But there are other researchers who believe that, taken together, the existing evidence suggests that e-cigarettes may benefit public health. In September, before the F.D.A. approved any e-cigarette products, a group of those researchers laid out that evidence in The American Journal of Public Health. The studies they cite include a randomized controlled trial conducted in Britain and published in The New England Journal of Medicine in 2019, which found that participants who wanted to quit and who switched to e-cigarettes were 80 percent more likely to abstain from cigarettes for at least a year compared with those who used a range of nicotine-replacement therapies (like patches, gum and lozenges).
Findings like these, which show that e-cigarettes could help smokers under certain conditions — the participants all received behavioral support, which improves the success rate of attempts at quitting — have been undervalued, the A.J.P.H. authors think, while the risks to youths have been amplified. “The message out there is these are harmful devices that shouldn’t be out there at all,” says Nancy A. Rigotti, one of the authors and a professor at Harvard Medical School and the director of the Tobacco Research and Treatment Center at Massachusetts General Hospital. “The truth is more complicated.”
Controlled trials don’t always show what would have happened in a real-world setting — which is what the JAMA study sought to assess. Yet Rigotti and others think its conclusions are misleading. “What’s important here is, Is vaping helping a subset of smokers quit smoking who wouldn’t have otherwise done so?” says Kenneth E. Warner, an emeritus professor and dean of health management and policy at the University of Michigan’s School of Public Health and a co-author of the A.J.P.H. paper. The JAMA study found that those who were the most dependent on nicotine, and thus likely to have the hardest time quitting smoking, were also the most likely to use e-cigarettes. But there was no way to say whether, had e-cigarettes not been available, that group would have continued smoking — in which case e-cigarettes increased the total number of quitters — or whether its members would have tried abstaining from nicotine instead. Without that information, it’s unclear if e-cigarettes could be a valuable cessation tool that entices some inveterate smokers to give up cigarettes.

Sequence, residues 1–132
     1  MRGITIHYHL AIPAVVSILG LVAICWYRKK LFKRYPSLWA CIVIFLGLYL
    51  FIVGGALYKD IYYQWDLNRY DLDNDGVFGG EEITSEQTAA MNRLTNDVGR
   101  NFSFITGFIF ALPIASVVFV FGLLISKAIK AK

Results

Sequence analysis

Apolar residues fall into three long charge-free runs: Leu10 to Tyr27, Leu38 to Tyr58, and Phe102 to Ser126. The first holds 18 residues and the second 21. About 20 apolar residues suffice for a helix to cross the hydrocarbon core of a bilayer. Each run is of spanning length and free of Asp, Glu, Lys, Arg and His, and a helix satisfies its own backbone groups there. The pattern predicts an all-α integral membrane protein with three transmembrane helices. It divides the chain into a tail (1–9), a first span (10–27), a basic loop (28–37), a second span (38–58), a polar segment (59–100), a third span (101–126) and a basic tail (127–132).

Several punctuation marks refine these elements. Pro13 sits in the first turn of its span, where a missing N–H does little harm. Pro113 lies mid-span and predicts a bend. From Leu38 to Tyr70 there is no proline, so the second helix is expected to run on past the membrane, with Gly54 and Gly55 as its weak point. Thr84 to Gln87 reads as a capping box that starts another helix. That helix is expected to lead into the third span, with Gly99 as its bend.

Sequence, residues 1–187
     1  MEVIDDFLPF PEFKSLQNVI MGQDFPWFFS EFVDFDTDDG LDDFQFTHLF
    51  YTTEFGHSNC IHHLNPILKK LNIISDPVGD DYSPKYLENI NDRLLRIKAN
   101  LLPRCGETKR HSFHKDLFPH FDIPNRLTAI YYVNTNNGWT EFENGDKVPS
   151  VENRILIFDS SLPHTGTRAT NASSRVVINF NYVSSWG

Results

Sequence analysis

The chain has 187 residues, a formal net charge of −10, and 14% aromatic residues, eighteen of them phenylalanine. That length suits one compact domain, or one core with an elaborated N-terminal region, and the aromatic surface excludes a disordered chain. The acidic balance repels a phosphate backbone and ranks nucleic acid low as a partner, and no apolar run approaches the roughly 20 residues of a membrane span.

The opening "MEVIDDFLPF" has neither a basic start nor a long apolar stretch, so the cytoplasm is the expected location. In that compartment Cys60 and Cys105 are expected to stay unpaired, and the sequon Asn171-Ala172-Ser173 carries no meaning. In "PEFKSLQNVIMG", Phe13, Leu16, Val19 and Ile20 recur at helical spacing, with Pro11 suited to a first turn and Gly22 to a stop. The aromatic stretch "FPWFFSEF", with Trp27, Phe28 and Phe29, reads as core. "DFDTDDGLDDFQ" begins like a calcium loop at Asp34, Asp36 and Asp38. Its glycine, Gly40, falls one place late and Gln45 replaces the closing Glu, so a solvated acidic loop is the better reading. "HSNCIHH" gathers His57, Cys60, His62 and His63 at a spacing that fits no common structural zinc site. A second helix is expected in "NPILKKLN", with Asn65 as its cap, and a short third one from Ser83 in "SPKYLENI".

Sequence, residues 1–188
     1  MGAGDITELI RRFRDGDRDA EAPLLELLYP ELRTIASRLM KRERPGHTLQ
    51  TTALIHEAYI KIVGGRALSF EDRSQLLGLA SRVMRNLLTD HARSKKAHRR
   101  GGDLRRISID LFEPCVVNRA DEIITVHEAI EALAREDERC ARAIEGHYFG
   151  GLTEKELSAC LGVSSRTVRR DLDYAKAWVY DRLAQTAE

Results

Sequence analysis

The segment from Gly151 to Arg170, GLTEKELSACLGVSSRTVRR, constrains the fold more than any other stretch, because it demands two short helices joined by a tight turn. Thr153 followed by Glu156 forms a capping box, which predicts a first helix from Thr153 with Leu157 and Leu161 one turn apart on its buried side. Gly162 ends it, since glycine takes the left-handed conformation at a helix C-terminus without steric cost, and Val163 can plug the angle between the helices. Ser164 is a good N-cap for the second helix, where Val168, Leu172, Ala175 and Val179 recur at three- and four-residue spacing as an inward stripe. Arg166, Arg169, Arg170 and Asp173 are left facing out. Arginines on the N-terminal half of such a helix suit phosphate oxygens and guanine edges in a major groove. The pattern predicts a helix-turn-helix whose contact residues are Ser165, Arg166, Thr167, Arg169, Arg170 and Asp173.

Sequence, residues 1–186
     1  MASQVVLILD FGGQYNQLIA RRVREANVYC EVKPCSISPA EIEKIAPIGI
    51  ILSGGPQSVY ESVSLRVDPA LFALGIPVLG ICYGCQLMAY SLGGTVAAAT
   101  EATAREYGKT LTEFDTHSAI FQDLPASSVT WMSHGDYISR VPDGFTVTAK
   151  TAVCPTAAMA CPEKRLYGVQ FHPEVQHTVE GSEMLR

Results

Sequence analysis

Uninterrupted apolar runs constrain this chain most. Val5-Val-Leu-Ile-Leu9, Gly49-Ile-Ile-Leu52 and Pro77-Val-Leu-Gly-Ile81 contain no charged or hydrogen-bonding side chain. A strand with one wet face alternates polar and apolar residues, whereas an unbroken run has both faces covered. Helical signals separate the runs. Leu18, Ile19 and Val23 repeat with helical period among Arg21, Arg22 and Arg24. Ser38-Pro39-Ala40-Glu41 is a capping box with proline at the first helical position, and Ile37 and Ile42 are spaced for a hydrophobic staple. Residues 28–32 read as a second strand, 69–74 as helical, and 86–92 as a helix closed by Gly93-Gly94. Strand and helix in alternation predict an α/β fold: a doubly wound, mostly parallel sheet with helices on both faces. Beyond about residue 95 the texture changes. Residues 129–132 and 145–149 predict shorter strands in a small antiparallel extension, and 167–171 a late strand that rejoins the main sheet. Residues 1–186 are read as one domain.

Adult smokers do want to quit: In 2018, about 55 percent of those surveyed said they tried to quit in the past year; only 7.5 percent succeeded, according to the C.D.C. If anything, the JAMA study, however you parse it, illustrates how difficult it is to remain smoke-free. “What we haven’t seen, in terms of cessation, is something that’s game-changing,” says Jonathan M. Samet, dean and professor at the Colorado School of Public Health. Clearly, smokers need more resources, says Alayna P. Tackett, an assistant professor at the Keck School of Medicine at the University of Southern California: “They’re trying to quit, they want to quit, how can we best support them?”
In the U.S., it’s uniquely hard to say if vaping could play a more supportive role. The available products are ever-changing, and e-cigarettes are not classified as “a cessation device,” a label that would require their manufacturers to go through the F.D.A.’s drug evaluation and research process — which they have little incentive to do. As a result, e-cigarettes can’t be promoted to smokers as a means of quitting by companies or as a proven therapeutic by health officials. The bizarre consequence is that for e-cigarettes to have a widespread positive impact on public health — the F.D.A.’s stated hope in approving the ones they did — smokers will have to decide largely on their own to switch to them. “The regulatory muddle is working against us,” says Terry F. Pechacek, a research professor in the department of health policy and behavioral sciences at Georgia State University’s School of Public Health, who wrote a commentary accompanying the JAMA study. “That’s the heart of the problem.”
Kim Tingley is a contributing writer for the magazine.